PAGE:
Healthy Transitions is a series in which College Lifestyles will explore the transition from high school to college and the healthiest ways to handle it. From happy, to stressed, to depressed, College Lifestyles has been there and wants to help you navigate the awkward phase known as growing up. Check every week for a new post!
College orientation is nerve-wracking, exciting, and overwhelming all at once! It is a happy time as it gives you the opportunity for a fresh start, but it can also be difficult as it is your first true college experience. As a receptionist in the residence halls where orientation is hosted at Michigan State University, I have seen thousands of co-eds in all types of situations go through orientation and come out alive. Read on for tips on how to successfully complete your orientation.
Be yourself, first and foremost. Many ladies are so focused on being “cool” they don’t truly let themselves out or experience orientation to the fullest. This is absolutely the most important to-do at orientation, no exceptions. If you’re at a larger school, you’ll be able to meet others that you’ll mesh well with, and thus start making a home at your new school. If you’re at a small school and find that you don’t fit in well there, then you may want to reconsider attending. As devastating as it might be to find out that it isn’t for you so late in the game, it’s a vast improvement over deciding that halfway through your college career. There’s nothing wrong with you, so be vibrant, confident, and genuine!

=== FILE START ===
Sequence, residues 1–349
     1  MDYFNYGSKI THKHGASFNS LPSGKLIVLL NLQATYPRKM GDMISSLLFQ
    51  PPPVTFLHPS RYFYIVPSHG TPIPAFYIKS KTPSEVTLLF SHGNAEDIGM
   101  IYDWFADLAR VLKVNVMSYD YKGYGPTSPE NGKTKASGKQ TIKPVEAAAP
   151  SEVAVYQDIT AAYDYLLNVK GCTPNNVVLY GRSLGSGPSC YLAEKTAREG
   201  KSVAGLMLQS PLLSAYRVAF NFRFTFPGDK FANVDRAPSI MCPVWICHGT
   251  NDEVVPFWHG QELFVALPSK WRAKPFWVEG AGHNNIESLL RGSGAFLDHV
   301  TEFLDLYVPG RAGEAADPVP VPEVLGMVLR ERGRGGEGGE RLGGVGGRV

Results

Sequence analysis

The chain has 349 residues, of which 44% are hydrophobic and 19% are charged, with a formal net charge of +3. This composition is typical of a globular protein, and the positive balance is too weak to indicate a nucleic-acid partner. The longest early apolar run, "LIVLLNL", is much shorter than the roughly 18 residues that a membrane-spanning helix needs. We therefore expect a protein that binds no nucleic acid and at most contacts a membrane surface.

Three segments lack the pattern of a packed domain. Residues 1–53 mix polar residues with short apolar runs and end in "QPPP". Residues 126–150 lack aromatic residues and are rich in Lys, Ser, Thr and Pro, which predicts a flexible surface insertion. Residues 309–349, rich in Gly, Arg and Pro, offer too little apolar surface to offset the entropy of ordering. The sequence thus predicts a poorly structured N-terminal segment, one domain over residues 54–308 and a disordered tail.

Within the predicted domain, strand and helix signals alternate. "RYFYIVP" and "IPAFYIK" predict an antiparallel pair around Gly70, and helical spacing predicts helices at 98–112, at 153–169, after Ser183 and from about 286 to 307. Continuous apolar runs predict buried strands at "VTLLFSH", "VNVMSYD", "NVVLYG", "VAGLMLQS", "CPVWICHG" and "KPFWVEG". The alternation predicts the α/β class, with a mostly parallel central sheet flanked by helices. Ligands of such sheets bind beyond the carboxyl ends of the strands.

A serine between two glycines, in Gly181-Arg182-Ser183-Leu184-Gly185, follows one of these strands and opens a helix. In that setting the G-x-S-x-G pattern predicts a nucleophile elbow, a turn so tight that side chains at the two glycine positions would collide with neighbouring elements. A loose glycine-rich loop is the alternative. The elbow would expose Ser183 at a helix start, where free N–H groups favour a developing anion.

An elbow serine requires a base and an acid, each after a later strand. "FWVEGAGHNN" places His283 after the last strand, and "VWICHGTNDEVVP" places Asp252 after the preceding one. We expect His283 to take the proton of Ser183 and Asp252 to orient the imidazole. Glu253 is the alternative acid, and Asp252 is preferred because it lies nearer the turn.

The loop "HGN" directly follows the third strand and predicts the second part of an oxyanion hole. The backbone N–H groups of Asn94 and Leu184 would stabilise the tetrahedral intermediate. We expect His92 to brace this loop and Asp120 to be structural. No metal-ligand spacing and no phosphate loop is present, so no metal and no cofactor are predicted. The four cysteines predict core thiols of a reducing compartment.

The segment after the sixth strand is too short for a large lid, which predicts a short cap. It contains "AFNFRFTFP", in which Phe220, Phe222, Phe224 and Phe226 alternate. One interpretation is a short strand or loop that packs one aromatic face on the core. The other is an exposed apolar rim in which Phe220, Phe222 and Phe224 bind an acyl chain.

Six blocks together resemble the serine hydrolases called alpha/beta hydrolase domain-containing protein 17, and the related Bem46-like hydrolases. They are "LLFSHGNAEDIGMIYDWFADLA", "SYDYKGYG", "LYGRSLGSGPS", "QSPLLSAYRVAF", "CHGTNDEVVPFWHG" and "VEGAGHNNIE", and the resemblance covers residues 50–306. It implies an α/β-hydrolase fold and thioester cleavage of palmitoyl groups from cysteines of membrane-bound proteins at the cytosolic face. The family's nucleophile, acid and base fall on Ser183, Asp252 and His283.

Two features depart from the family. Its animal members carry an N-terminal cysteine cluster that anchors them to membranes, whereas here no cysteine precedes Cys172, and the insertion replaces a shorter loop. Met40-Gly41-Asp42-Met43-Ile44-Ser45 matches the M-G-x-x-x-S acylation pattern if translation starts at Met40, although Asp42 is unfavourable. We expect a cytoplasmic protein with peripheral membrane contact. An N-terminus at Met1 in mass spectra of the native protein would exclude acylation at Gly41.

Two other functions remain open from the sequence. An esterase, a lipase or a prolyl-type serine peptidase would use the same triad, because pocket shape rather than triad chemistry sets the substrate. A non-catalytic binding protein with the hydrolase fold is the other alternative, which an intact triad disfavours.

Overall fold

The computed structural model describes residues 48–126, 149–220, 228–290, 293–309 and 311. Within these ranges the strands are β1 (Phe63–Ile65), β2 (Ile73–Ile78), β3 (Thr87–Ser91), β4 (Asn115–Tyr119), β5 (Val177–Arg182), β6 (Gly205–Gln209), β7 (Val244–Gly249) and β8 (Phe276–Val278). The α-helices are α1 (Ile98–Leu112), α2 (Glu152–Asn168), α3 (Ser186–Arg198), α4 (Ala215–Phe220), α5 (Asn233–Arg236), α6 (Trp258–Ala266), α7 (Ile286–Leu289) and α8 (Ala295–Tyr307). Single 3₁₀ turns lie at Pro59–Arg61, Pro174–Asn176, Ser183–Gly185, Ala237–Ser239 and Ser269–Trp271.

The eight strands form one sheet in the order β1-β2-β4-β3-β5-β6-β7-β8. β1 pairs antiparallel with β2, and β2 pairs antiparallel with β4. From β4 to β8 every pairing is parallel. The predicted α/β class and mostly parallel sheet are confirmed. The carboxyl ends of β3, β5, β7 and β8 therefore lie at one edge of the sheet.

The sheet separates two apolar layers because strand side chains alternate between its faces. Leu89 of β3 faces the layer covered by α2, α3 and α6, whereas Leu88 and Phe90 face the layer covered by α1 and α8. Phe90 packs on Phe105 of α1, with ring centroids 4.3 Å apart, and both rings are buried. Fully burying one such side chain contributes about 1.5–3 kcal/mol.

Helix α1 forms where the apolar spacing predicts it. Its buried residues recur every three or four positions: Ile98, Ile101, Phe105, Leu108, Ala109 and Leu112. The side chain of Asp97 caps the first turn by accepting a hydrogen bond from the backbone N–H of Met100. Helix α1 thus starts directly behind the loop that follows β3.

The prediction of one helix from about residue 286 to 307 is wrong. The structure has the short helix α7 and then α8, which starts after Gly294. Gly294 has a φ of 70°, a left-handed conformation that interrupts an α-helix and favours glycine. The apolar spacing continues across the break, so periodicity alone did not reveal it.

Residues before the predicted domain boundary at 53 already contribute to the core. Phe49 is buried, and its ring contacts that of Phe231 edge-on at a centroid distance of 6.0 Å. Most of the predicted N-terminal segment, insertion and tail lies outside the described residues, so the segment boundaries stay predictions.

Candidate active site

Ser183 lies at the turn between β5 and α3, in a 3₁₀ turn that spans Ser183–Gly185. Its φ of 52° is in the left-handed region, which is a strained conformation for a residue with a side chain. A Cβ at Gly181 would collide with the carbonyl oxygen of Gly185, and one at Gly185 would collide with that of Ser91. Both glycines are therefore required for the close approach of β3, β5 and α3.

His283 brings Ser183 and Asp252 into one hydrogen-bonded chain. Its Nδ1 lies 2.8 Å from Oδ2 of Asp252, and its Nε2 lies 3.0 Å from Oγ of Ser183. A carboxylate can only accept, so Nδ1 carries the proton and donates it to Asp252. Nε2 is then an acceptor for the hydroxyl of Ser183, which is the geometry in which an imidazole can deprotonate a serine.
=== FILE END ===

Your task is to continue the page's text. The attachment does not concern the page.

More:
Attend all of the activities. Even if they don’t seem fun, try not to miss any activities. For a lot of co-eds, overnight orientations are the first time they have ever been away from home, and this realization may cause loneliness. By getting involved at orientation, you’ll be surrounded by others in the same situation and won’t feel like you’re on your own. Try to be enthusiastic and attentive and you may find that you’re actually having fun!
Eat. Orientation days are often very long and jam-packed with things to do. Make sure to eat properly so that you have plenty of energy to get through it all. Additionally, this is the first time you’ll get to try your school’s food, so be sure to sample everything that’s offered!
If you feel sick, tell someone. Getting sick at orientation is not uncommon. If you don’t feel well, there are two things you should do right away: 1. Call your parents or guardian and let them know of the situation. 2. Alert the orientation staff. If you’re very sick, it might be best for you to go home to feel better and avoid making others sick. Depending on the school, you may not have to come back for another session of orientation.
For tips on how to look fabulous and poised at orientation check out the latest fashion trends!
Hannah Borland, a senior in Dietetics at Michigan State University, is a Health and High School Writer for College Lifestyles. Road trips and hiking are her favorite parts of summer!